ShareThis Page
Latrobe man knew how to bring Compass Inn Museum’s history to life |
Obituary Stories

Latrobe man knew how to bring Compass Inn Museum’s history to life

Jacob Tierney
James L. Koontz, of Latrobe died Friday, Feb. 15, 2019, at home. He was 68.

Regular visitors at Ligonier’s Compass Inn Museum knew to look for James Koontz’s signature top hat.

“Everybody loved his tours because his way of presenting the information was so wonderful,” said Theresa Gay Rohall, executive director of the Ligonier Valley Historical Society.

Museum attendees, and even tour bus drivers, would often ask, “Is Jim here today?” Rohall recalled.

Mr. Koontz worked at the museum for years, first as a volunteer, then as an employee, then as a volunteer again after his retirement.

He would put on a period-appropriate outfit and give tours of the inn, which has been restored to look as it did in the early 1800s.

He usually was a quiet man, unless he was talking about history, said his wife, Katherine Koontz.

“When you got him on a subject, or you got him talking about history, he was a wealth of knowledge,” she said.

James L. Koontz of Latrobe died Friday, Feb. 15, 2019, at home. He was 68.

He was born Sept. 16, 1950, in Latrobe to the late James H. Koontz and Virginia R. (Freeman) Koontz Trees.

He served in the National Guard during the Vietnam War and worked for Kennametal for many years.

Friends told Mr. and Mrs. Koontz they’d make good volunteers at the Compass Inn, so they went to check it out. His first day volunteering, Mr. Koontz gave three tours.

“He’d never done it before. He was just kind of baptized by fire,” his wife said.

Mr. Koontz believed working at the inn was in his blood. He was a genealogy enthusiast and discovered he might be a descendant of Jonathan Freeman, the inn’s original proprietor.

When Mr. Koontz wasn’t wearing his historical attire, he might have been dressed as “Lester the Clown.”

“It was just something we wanted to do,” his wife said of the clown classes they took together. “It was so involved, and there’s so much to learn about clowning.”

He later taught clowning at Westmoreland County Community College.

“Once he got into character, he was just hysterical,” Mrs. Koontz said.

The couple also enjoyed ballroom dancing.

“We loved to dance and were good,” Mrs. Koontz said. “I can say that because we were.”

They would try almost anything together, she said. “We loved each other and we liked each other, and I think that’s what made it so easy for us to do things.”

A funeral liturgy and service will be held at 11 a.m. Tuesday in Mary Mother of Mercy Mausoleum Chapel at St. Vincent Cemetery, Unity. Full military honors, accorded by Veterans of Foreign Wars Post 33, will immediately follow the service.

Hartman-Graziano Funeral Home is in charge of the arrangements.

Memorials may be made to the Ligonier Valley Historical Society, P.O. Box 167, Laughlintown, PA, 15655, or online at

Jacob Tierney is a Tribune-Review staff writer. You can contact Jacob at 724-836-6646, [email protected] or via Twitter .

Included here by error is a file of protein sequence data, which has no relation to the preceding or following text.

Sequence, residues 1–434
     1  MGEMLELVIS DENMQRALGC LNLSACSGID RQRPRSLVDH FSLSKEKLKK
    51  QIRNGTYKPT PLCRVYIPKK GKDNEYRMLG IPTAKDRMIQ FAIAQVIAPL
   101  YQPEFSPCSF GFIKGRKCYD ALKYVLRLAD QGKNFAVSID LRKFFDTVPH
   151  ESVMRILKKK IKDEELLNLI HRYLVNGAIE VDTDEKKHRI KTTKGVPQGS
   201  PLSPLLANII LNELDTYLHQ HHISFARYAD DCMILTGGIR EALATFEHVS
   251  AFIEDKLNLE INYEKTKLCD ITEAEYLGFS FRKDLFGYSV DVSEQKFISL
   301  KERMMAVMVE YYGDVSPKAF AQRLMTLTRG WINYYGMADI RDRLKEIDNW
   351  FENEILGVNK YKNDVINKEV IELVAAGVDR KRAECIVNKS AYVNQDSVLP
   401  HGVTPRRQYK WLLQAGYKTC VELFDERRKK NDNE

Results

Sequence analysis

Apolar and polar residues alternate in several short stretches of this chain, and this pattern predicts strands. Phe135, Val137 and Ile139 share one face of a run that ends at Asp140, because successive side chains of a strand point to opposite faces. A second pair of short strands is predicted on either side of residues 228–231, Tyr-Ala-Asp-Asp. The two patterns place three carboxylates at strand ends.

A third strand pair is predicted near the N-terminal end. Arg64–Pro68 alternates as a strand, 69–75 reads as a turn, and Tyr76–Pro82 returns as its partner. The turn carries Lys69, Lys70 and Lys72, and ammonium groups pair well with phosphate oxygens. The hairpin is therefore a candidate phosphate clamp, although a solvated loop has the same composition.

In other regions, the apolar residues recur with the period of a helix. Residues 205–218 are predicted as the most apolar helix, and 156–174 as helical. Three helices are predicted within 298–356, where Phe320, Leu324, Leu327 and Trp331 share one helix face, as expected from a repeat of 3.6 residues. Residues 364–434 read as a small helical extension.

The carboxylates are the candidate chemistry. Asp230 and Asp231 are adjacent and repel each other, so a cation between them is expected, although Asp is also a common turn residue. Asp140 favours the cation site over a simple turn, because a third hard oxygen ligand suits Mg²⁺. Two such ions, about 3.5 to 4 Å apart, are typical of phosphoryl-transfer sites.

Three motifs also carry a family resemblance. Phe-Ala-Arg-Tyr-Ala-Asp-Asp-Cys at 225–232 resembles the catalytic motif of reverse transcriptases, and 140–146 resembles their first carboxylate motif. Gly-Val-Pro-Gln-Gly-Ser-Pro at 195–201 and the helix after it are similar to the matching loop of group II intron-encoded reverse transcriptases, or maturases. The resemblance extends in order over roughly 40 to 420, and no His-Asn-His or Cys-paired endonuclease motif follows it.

Categories: News | Obituaries
TribLIVE commenting policy

You are solely responsible for your comments and by using you agree to our Terms of Service.

We moderate comments. Our goal is to provide substantive commentary for a general readership. By screening submissions, we provide a space where readers can share intelligent and informed commentary that enhances the quality of our news and information.

While most comments will be posted if they are on-topic and not abusive, moderating decisions are subjective. We will make them as carefully and consistently as we can. Because of the volume of reader comments, we cannot review individual moderation decisions with readers.

We value thoughtful comments representing a range of views that make their point quickly and politely. We make an effort to protect discussions from repeated comments either by the same reader or different readers

We follow the same standards for taste as the daily newspaper. A few things we won't tolerate: personal attacks, obscenity, vulgarity, profanity (including expletives and letters followed by dashes), commercial promotion, impersonations, incoherence, proselytizing and SHOUTING. Don't include URLs to Web sites.

We do not edit comments. They are either approved or deleted. We reserve the right to edit a comment that is quoted or excerpted in an article. In this case, we may fix spelling and punctuation.

We welcome strong opinions and criticism of our work, but we don't want comments to become bogged down with discussions of our policies and we will moderate accordingly.

We appreciate it when readers and people quoted in articles or blog posts point out errors of fact or emphasis and will investigate all assertions. But these suggestions should be sent via e-mail. To avoid distracting other readers, we won't publish comments that suggest a correction. Instead, corrections will be made in a blog post or in an article.